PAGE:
“Then, as we moved out of the restaurant and back to our hotel, seeing the carnage was very upsetting, but watching the first responders was something I will never forget,” Brown’s mother said. “It was like a choreographed dance; they were so in sync with one another.”

Brown, her mother and two sisters returned to the hotel safely, where they saw Brown’s father relaxing in the lobby. 

“We walk into the hotel, and there’s my dad sitting in a chair, having just ran a marathon. There was nothing wrong, except that he had just ran a marathon,” Brown said. “He had no idea what just happened, happened.”

The Brown family was together and unharmed after experiencing a double bombing within a 100-yard radius of where they were.

According to an article from CNN, three people lost their lives, and over 264 people sustained injuries. 

For Brown’s oldest sister, Heather Brown Lester, this was not the first time experiencing an act of terror. 

On April 16, 2007, Virginia Tech endured a spate of shootings that left 32 people dead. The massacre occurred in Norris Hall. The victims accounted for 27 students and five faculty members. Lester was a freshman at the time of this disaster.

“The difference between these awful events is at Virginia Tech, it did not happen directly near me, but it was happening right where I lived. After it was over, there was an eerie feeling on campus that was hard to ignore,” Lester said. “I fortunately already had my off-campus housing for the following year. I ended up moving out of my dorm early and lived there while I finished up the semester. At the Boston Marathon, once I was back at the hotel, I felt safe. We flew out the next day, so I really wasn't around the same sadness and fear as being in the same place as where it happened.”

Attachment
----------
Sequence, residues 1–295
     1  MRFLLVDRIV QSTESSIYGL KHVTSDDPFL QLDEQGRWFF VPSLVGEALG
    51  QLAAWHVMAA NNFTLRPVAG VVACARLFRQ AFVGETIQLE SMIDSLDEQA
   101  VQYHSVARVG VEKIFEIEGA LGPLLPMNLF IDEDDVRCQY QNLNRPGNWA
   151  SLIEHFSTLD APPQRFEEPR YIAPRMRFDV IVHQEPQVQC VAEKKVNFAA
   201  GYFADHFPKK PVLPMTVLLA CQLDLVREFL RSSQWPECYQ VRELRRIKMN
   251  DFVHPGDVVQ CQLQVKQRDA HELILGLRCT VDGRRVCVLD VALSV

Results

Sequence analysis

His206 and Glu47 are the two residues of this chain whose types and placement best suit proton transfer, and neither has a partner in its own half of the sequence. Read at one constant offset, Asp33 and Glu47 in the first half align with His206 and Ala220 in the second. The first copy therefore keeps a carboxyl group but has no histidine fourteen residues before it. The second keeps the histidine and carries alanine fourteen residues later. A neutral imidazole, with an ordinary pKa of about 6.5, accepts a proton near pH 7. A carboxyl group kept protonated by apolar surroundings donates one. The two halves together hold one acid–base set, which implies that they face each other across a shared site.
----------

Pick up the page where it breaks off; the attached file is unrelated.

Lester graduated from Virginia Tech in 2010 with a bachelor’s degree in biology and a minor in economics. Her younger sisters, Taylor and Brown, have followed in her footsteps. Taylor graduated in 2013 with undergraduate degrees in hospitality and tourism management and marketing. She then completed her master’s in business administration at Virginia Tech. Brown plans to graduate in 2021 with degrees in hospitality and tourism management and marketing. 

Brown and her sisters attended Virginia Tech after a life-changing traumatic event; only then to weather the horrors accompanying the 2013 Boston Marathon.

“The motives of these terrorists are to invoke terror and attempt to disrupt our way of life. If I were to choose not to participate in the race due to the terrorist’s actions, they would win,” said Jerry Brown, Trilby’s father. “We would lose.”

According to the National Fire Protection Association, the city of Boston has made several changes and improvements to prevent terrorist attacks by analyzing their attack and many others.

Virginia Tech has also improved safety measures since the April 16 shooting. 

“Virginia Tech strives to provide a safe environment after what happened in 2007,” Brown said.

According to WSLS, Virginia Tech now ranks among the top 10 safest college campuses in the country.

“Going through that experience with Boston gives me a deep-rooted connection to the city and to the people of that area because of what happened. Every year I go back, it helps mend that wound a little bit more,” Brown said. “Boston is one of those cities that when they take a punch, they are going to take an even bigger punch back.”

Brown’s memories of that day stay with her as she finishes her time at Virginia Tech. She dreams of using her dual degree to land a job with Disney, a top leader in the hospitality and tourism management industry.